"Welcome to a new plateau of creativity, where shiny metal jump rings and yummy gemstone beads are combined in endless possibilities..." So begins the Preface from author and chain jewelry expert Scott David Plumlee in his third book Chain and Bead Jewelry: Geometric Connections.

The book is broken down into 8 sections. You definitely want to start at the beginning with "Chain & Bead Basics" and move into "Essential Techniques." These two chapters are like having Scott as your own personal chain-making instructor. I will warn you... there is a lot of math, which I loathe. But this sort of chain pattern requires precise measurements. I will admit that all the talk of calculating aspect ratios makes my eyes glaze over, but it is apparent that David really knows his stuff. And if you are going to take off with doing chain-making on your own, without the benefit of pre-made rings, then you need this knowledge.

I think that these are really great opening chapters because there is a wealth of knowledge on things like forging an s-clasp, making matching earring wires, and the proper way to work with jump rings. I have to say that I learned a lot in these tips with the great photography clearly showing each step. I will come back to these again even if I am not creating my own chains. {I have to tell you that my favorite thing to do is take jump rings and make them into a flower formation. It bulks them up, adds texture and strength and is a simple way to add your own spacers with an inexpensive material.}

I was going to attempt to make my own jump rings {you can stop laughing right now!}, but there was that whole pesky math thing. Not to mention my fundamental lack of time. Plus I didn't have the right wire to do that sort of thing, and I have never taken my jump ring maker {essentially different sized rods} out of the package. I really hate getting out my jeweler's saw, and then there is that whole kerfless thing {to kerf or not to kerf, that is the question!}. Lucky for me there is a great resource page in the back with suppliers of jump rings and so I proceeded to look them up. But trying to get the right number of rings in the right gauge for the pattern proved a bit daunting to me. Hey, wait a minute! It was then that I noticed that David offers complete kits for many of the projects in this book. Hooray! So I went right out and bought four kits all in brass just to give myself a kickstart: beaded Romanov bracelet and earrings; serrated Byzantine bracelet and earrings. I decided to start with the earrings figuring if I can get that pattern down I can finish the rest.

These earrings took me less than an hour to make each pair, and that was with me being sick on the couch that day. So if I can do this using David's clear instructions when I am sicker than a dog, without the proper light, on a co-opted lunch room tray and squinting because I obviously need glasses, then you can do it, too. I wasn't sure that I had all the same tools that David recommends so I punted a little bit, but I think that they turned out great. I can see the potential for this design with different beads and alternate metal options, especially mixing metals which I love to do. {My tip to you: open all your jump rings the same way before you start. Saves a lot of time and futzing.}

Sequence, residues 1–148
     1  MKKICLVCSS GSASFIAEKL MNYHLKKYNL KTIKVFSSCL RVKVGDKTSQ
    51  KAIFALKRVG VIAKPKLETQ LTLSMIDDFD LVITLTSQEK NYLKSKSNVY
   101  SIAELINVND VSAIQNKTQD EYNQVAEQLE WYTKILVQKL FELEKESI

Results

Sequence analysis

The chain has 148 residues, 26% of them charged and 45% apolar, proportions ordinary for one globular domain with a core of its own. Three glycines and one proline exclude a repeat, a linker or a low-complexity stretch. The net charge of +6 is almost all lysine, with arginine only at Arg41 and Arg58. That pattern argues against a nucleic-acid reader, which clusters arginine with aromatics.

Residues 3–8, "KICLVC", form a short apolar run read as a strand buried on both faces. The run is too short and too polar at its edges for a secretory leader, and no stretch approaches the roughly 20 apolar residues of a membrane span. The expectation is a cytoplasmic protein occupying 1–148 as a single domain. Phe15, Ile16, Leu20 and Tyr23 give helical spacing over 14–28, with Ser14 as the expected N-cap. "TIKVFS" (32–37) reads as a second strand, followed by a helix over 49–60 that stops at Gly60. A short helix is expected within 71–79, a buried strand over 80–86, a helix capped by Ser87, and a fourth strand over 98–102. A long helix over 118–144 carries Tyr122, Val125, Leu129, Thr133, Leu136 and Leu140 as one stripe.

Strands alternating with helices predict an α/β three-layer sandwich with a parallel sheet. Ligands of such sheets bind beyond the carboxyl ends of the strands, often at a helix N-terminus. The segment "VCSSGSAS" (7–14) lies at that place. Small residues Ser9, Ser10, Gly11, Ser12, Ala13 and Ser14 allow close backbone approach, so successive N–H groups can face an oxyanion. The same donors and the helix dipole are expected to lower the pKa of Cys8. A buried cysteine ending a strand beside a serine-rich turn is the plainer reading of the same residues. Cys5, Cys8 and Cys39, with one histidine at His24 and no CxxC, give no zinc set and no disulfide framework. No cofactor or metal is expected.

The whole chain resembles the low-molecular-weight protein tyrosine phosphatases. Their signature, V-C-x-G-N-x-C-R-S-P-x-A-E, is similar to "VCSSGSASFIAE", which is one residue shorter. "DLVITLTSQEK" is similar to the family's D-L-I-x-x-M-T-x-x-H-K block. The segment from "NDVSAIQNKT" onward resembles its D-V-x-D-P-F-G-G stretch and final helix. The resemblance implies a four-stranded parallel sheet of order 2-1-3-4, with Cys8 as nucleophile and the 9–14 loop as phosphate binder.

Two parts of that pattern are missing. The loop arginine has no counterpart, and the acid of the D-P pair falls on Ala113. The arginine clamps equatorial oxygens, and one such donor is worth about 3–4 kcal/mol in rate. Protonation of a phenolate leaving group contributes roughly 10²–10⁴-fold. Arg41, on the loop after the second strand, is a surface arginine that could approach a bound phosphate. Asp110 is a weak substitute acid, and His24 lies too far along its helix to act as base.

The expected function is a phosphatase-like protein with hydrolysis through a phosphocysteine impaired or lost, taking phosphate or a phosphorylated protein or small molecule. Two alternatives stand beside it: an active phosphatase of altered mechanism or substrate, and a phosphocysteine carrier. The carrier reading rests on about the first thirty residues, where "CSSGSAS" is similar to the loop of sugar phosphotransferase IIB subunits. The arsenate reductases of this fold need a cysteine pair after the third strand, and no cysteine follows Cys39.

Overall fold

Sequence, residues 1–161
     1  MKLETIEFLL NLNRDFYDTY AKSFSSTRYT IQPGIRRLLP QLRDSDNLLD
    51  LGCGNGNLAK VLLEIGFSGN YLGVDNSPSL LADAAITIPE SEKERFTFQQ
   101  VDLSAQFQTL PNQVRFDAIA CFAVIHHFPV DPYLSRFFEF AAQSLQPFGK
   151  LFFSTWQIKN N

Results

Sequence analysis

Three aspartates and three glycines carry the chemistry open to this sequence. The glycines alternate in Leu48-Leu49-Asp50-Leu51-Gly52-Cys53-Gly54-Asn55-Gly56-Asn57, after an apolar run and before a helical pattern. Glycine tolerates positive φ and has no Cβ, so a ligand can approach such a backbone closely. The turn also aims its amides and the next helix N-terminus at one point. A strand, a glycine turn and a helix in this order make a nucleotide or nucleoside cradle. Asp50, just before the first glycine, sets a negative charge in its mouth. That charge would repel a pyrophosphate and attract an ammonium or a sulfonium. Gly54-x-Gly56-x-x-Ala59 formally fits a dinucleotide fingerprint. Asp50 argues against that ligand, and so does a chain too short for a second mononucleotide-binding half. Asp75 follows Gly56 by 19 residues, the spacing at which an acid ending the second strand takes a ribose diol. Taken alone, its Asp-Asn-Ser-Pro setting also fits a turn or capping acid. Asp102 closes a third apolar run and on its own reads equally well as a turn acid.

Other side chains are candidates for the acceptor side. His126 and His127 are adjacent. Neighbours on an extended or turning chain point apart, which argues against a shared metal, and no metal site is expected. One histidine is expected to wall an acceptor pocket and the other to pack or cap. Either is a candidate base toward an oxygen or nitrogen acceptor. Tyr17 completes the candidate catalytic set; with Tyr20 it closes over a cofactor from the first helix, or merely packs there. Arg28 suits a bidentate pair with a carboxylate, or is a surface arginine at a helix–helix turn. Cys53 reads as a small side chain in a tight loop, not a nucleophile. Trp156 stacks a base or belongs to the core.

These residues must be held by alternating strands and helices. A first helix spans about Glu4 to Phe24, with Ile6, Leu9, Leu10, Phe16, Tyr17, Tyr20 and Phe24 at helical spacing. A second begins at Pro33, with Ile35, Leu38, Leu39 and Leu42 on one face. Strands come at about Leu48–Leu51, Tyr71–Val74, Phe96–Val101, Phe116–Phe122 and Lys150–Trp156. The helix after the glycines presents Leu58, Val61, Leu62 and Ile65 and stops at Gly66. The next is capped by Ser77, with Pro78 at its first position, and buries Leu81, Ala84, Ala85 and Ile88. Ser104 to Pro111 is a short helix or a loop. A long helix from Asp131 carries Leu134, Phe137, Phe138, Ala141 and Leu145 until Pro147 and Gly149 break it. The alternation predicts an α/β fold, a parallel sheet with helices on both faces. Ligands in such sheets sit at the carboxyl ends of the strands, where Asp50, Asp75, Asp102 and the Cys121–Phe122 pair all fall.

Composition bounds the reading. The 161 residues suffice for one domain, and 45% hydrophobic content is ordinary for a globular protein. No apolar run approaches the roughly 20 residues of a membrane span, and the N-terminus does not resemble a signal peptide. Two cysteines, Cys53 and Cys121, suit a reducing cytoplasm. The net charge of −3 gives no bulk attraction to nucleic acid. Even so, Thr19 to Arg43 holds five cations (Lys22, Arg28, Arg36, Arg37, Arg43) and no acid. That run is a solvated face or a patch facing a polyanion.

Having tried a few projects in the book, I can honestly say that this is a book I am proud to own. I would love to work my way up into some more complicated designs like the Incan Triangle necklace, the Japanese Rose necklace or the Trapezoid bracelet. And David has laid it out in such a way that builds on the previous projects and I do believe that I would be successful with any of these projects. I would recommend the book Chain and Bead Jewelry: Geometric Connections by Scott David Plumlee to anyone that is curious about adding chain that they fabricate to their designs, and likes the possibility of combining that with gemstones. Oh, and anyone who likes math. ;-)

Review by Erin Prais-Hintz --- Tesori Trovati Jewelry - Treasures Found --- www.tesoritrovati.com

Read the full book review at: http://treasures-found.blogspot.com/2011/02/read-all-about-it-chain-and-bead.html



A New Angle on Creating Dimensional Earrings, Bracelets, and Necklaces


In my hot little hands I have an advance copy of "Chain and Bead Jewelry -- Geometric Connections" by the incredibly talented Scott David Plumlee. I first discovered David Plumlee when I started making jewelry six years ago. Chain maille is one of the jewelry styles I admire, so I fell in love with David's work. He takes chain maille and adds his own special touch to it, adding beads, mixing metals, and creating his own unique designs.